SIR Jim Ratcliffe, the billionaire chairman of petrochemical giant Ineos, is staging an international conference in Iceland today to debate the future of wild Atlantic salmon.
Experts meeting in Reykjavik will discuss the potential causes of the decline in stocks worldwide, and consider conservation strategies that can bring the species back from the edge of extinction, according to a press release issued on behalf of Ratcliffe.
The businessman, one of Britain’s wealthiest men, is a keen angler and last autumn he invested in what he described as the world’s largest ever salmon conservation programme.
The restocking scheme was launched in north-east Iceland and involved one million eggs from native fish being seeded into local rivers.
Today’s conference was arranged by the Six Rivers Conservation Project, established by Ratcliffe, along with the Marine and Freshwater Research Institute (MFRI) Iceland, Imperial College London, and Iceland’s Strengur Angling Club, all of which are implementing the restocking strategy in the country.
Dr Peter Williams, Ineos technology director, said: ‘The Atlantic salmon population has fallen to one-quarter of its 1970s level and is now categorised as endangered.
‘It may be five minutes to midnight for the Atlantic salmon. This conference is incredibly important to boost our scientific understanding of the reasons for the decline and to establish practical conservation strategies to ensure the long-term survival of this iconic species for future generations.’
Conference speakers include Professor Guy Woodward of Imperial College London; Dr Guðni Guðbergsson, director of the Marine and Freshwater Research Institute Iceland; Dr Colin Bull of the Missing Salmon Alliance; and Dr Nikolai Friberg, of the Norwegian Institute for Water Research.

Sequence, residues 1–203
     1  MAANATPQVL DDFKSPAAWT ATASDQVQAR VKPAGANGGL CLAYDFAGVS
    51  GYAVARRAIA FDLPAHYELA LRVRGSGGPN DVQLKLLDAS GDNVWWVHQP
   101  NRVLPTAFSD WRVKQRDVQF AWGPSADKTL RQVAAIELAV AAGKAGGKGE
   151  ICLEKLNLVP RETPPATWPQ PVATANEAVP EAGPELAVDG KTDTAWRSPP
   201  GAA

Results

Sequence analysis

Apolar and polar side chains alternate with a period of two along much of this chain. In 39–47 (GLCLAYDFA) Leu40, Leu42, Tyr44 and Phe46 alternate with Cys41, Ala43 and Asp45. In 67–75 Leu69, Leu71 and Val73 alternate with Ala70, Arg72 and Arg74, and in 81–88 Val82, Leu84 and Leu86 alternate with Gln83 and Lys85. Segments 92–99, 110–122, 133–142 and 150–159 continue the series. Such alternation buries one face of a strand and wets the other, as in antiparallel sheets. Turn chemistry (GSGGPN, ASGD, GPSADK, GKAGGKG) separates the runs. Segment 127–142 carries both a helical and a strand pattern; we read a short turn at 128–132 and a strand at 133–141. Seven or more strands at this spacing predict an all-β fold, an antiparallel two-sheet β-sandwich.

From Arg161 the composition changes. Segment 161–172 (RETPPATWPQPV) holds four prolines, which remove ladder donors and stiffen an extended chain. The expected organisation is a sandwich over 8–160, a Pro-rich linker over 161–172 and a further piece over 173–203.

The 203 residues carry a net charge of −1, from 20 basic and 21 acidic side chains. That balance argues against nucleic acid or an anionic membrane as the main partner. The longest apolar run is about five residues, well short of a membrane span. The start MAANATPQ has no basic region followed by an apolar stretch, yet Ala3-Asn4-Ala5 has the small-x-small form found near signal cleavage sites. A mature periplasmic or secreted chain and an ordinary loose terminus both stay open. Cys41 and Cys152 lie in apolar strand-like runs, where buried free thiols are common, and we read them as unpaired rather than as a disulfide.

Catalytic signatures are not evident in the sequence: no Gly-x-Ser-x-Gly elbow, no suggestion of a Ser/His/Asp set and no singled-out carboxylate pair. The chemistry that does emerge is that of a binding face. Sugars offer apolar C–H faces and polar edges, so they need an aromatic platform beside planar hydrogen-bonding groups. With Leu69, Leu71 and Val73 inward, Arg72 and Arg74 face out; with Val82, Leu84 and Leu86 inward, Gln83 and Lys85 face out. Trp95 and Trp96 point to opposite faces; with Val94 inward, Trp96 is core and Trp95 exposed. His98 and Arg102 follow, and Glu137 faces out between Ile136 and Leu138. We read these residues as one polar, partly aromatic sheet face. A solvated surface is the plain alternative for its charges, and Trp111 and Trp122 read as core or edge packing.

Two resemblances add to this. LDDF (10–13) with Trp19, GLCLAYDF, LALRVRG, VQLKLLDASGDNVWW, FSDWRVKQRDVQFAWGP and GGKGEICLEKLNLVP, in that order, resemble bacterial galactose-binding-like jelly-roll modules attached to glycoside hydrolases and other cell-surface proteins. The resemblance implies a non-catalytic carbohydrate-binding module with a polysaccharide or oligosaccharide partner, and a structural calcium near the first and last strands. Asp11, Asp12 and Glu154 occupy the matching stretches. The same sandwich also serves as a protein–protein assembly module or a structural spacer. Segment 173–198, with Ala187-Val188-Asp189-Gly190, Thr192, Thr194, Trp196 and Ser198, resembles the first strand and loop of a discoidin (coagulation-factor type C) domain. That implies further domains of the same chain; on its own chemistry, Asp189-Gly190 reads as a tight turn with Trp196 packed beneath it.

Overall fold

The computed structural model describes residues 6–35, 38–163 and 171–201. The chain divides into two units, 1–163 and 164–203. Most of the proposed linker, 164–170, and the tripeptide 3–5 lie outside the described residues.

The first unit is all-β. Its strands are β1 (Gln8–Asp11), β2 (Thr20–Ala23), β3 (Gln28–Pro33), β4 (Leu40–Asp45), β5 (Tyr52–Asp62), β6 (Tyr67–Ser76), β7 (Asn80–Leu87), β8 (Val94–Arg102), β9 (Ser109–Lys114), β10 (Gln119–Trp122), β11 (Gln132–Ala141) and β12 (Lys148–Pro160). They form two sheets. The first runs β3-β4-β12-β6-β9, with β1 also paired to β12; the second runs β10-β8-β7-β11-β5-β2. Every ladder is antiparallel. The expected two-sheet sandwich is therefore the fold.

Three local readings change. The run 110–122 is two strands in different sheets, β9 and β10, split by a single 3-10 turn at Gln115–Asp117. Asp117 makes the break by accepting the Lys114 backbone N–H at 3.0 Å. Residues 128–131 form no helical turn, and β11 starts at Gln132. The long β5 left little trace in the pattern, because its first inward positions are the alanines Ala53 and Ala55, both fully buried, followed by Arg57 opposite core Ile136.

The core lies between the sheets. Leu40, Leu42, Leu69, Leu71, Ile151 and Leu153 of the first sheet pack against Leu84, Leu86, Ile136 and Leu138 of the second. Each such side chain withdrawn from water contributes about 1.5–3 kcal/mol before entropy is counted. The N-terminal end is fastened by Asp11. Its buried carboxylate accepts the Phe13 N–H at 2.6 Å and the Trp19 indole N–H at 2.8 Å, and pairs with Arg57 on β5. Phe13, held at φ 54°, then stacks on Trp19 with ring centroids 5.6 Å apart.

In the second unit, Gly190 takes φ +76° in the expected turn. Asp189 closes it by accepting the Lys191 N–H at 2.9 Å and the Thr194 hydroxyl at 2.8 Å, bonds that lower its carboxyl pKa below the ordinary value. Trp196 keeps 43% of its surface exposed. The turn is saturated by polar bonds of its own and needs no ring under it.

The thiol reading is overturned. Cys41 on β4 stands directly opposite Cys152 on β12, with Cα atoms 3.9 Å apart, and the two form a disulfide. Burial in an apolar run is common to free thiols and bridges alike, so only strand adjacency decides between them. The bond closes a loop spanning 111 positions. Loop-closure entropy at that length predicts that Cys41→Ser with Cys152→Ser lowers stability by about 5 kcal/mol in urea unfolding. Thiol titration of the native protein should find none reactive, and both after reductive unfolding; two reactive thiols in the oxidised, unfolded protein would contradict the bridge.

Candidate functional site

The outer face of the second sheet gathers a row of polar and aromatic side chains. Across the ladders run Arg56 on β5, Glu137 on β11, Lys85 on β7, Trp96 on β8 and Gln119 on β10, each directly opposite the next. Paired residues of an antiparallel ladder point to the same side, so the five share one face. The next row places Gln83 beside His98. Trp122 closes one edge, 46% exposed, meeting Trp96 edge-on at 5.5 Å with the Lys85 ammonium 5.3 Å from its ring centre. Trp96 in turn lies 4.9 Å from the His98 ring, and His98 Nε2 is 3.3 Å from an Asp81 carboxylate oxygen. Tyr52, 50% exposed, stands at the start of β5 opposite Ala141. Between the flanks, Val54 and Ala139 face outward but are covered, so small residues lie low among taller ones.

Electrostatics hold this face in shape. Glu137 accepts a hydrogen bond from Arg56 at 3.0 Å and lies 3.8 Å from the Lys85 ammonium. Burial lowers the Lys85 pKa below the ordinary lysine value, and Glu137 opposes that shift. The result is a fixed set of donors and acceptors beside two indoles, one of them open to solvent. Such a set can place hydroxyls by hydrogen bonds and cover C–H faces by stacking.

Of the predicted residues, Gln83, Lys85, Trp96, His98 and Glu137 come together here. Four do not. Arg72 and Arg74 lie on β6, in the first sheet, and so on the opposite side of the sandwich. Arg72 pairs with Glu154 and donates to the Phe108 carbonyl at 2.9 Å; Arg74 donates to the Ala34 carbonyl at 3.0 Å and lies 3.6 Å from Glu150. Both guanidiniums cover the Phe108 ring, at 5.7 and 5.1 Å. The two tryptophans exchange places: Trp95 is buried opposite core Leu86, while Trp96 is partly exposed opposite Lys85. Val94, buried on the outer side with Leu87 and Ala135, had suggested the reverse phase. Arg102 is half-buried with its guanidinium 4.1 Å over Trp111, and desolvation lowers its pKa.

They are joined by Professor Phil McGinnity, from the Environmental Research Institute at University College Cork; Dr Rasmus Lauridsen, head of fisheries research at the Game and Wildlife Conservation Trust; and Dr James Rosindell, reader in quantitative biology at Imperial College.
The Six Rivers Project’s conservation strategies involve annual egg planting from salmon indigenous to the rivers, building salmon ladders to open up new spawning areas, and replenishing depleted indigenous vegetation and trees to boost food resources.
In November, eggs were planted in Kverká, Hvammsá, Miðfjarðará, Vesturdalsá and Selá. In addition, genetic and scale samples were gathered from the parent fish, which were then released. These areas will be revisited this summer after the eggs have hatched, and the results measured.
Ratcliffe has bought up land in Iceland and owns extensive fishing rights in the north-east, including on the River Vesturdalsá.